Latest News 20-06-2024 03:08 13 Views

Putin thanks Kim Jong Un for supporting Russian invasion of Ukraine as nations sign mutual defensive pact

Russian President Vladimir Putin and North Korean supreme leader Kim Jong Un signed a mutual aid pact on Wednesday, bringing the two nations closer than ever since the fall of the Soviet Union.

The pact, which both leaders emphasized is a landmark agreement between the countries, reportedly covers defensive security, humanitarian relief, trade and investment concerns.

Putin thanked Kim on Wednesday for North Korea's 'unwavering support' of the ongoing invasion of Ukraine.

U.S. Secretary of State Antony Blinken on Tuesday claimed Putin's visit was part of a desperate attempt to maintain international allies despite the increasingly drawn out invasion.

'We’ve seen […] Russia try, in desperation, to develop and to strengthen relations with countries that can provide it with what it needs to continue the war of aggression that it started against Ukraine,' said Blinken.

He added that the U.S. will 'do everything we can to cut off the support that countries, like Iran and North Korea, are providing.'

Kim has been enthusiastic about building associations with Russia and China in order to build international legitimacy despite his country's dismal human rights record.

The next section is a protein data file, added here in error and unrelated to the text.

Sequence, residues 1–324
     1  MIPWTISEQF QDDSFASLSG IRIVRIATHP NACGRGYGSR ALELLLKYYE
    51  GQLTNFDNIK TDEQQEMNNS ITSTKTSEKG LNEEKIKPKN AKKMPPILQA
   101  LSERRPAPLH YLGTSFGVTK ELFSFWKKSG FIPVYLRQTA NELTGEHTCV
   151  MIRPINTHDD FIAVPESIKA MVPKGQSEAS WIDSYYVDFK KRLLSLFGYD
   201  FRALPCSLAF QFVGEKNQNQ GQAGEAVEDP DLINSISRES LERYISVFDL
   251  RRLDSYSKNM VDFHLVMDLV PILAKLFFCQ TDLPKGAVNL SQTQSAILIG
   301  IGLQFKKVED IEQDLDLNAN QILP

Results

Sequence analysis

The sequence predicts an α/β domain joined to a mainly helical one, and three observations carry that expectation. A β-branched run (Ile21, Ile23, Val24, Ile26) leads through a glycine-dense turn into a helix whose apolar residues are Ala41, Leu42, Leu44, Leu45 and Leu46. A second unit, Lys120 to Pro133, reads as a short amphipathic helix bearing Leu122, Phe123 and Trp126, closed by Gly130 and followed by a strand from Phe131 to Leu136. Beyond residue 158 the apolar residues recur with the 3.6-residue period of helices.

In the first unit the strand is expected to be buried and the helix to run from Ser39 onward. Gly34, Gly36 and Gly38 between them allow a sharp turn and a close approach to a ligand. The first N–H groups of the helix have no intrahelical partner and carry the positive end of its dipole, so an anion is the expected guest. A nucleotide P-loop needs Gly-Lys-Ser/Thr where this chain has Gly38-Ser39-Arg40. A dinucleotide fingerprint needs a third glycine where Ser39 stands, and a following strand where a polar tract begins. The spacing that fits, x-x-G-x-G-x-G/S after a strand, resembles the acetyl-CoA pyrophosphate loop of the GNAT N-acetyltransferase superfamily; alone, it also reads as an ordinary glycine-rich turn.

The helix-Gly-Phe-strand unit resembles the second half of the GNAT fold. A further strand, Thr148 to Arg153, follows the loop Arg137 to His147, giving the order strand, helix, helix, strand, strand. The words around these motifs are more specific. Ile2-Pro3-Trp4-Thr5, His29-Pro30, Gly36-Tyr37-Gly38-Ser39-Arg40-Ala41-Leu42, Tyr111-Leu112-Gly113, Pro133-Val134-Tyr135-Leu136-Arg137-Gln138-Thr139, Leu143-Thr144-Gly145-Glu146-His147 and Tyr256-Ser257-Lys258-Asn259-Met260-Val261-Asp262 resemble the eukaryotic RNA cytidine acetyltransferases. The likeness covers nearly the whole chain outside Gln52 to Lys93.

The hermit country has worked to supply munitions and other military resources to the Russian military since the beginning of the war against Ukraine. Weapons baring marks that indicate North Korean manufacturing have been recovered by the Ukrainian military.

Putin last visited North Korea in 2000, when the hereditary dictatorship was under the control of Kim's father, Kim Jong Il.

North Korea, officially known as the Democratic People's Republic of Korea, was founded in 1948 with direct influence from Soviet dictator Josef Stalin.

The Kim family — sometimes referred to as the Mount Paektu bloodline — is the hereditary dictatorship of the country founded by communist revolutionary Kim Il Sung. 

North Korea operates under the state ideology of Juche, a quasi-communist worldview founded on a cult of personality and enthusiastic nationalism.


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